NEW DELHI (Reuters) - It pays to use a toilet in southern India, as residents are earning close to a dollar a month by using public urinals, a scheme launched by authorities to promote hygiene and research in rural areas.
Dozens of people are queuing up to use toilets in Musiri, a remote town in Tamil Nadu, where authorities have succeeded in keeping street corners clean with the new scheme, The Times of India newspaper said on Sunday.
“In fact, many of us started using toilets for urination only after the ecosan (ecological sanitation) toilets were constructed in the area,” said S. Rajasekaran, a truck cleaner.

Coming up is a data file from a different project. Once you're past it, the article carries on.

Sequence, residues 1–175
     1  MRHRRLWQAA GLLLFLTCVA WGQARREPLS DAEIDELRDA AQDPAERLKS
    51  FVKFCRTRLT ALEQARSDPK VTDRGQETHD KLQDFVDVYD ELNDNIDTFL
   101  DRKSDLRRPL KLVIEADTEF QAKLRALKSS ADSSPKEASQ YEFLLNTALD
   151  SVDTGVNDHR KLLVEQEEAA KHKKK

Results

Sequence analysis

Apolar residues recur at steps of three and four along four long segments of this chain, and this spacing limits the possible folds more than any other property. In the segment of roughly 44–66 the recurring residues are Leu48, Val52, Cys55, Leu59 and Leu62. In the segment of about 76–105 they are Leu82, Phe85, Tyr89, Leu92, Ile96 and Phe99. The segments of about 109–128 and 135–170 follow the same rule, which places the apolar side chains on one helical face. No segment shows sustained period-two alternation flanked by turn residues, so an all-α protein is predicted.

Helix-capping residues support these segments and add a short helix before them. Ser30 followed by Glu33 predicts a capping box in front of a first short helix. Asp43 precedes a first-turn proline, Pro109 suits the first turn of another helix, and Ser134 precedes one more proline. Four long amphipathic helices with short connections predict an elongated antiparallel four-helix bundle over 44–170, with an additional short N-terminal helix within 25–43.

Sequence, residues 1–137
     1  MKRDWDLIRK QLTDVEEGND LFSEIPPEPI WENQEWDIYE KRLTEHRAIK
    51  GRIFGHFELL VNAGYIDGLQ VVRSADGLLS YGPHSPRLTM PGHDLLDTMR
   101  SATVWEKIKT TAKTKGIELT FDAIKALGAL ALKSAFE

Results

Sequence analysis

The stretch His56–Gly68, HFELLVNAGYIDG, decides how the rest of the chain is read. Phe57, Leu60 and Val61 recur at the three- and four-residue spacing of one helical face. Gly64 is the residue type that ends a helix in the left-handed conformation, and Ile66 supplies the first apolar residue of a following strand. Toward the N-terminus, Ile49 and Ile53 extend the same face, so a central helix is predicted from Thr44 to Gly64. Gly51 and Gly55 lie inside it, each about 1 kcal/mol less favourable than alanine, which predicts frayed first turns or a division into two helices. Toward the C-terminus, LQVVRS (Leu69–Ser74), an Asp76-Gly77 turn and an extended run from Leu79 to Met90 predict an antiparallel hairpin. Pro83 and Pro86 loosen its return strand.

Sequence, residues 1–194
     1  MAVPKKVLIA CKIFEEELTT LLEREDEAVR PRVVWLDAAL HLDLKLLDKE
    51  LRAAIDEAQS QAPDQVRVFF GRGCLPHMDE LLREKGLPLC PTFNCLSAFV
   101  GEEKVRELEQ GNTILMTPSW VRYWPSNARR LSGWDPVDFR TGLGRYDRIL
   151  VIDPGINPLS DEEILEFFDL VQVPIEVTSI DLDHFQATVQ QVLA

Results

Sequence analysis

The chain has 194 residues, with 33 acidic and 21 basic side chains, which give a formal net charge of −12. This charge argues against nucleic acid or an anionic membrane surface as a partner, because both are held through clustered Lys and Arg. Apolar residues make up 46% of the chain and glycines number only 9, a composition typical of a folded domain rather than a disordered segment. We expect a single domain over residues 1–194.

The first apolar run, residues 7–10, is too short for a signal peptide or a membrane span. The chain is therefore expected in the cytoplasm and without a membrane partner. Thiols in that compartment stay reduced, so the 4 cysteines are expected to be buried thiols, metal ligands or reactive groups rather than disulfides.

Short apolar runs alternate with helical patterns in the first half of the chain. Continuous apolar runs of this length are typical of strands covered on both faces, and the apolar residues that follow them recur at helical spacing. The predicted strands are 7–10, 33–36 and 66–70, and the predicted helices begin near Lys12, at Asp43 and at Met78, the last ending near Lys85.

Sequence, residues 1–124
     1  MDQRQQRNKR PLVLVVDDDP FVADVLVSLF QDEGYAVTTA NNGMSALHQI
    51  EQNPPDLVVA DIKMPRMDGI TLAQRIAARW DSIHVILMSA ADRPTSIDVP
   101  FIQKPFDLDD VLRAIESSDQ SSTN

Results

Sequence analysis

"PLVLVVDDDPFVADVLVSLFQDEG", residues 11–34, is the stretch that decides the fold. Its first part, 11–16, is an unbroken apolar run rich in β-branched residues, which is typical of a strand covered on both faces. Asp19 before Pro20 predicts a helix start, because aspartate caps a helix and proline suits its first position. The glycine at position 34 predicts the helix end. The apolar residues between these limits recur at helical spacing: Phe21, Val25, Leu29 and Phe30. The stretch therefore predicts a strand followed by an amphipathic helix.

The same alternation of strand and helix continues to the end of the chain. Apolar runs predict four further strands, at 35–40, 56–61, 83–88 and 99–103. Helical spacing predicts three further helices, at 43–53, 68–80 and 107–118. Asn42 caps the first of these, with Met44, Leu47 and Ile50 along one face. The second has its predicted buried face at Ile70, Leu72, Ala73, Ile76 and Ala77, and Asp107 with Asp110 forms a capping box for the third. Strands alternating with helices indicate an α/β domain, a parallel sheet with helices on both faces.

The urine was also being collected and tested for its efficacy as a crop fertiliser, an official of the state’s agricultural university added.
People relieving themselves in the open are a common sight in India’s rural towns and villages, as basic sanitation still eludes millions.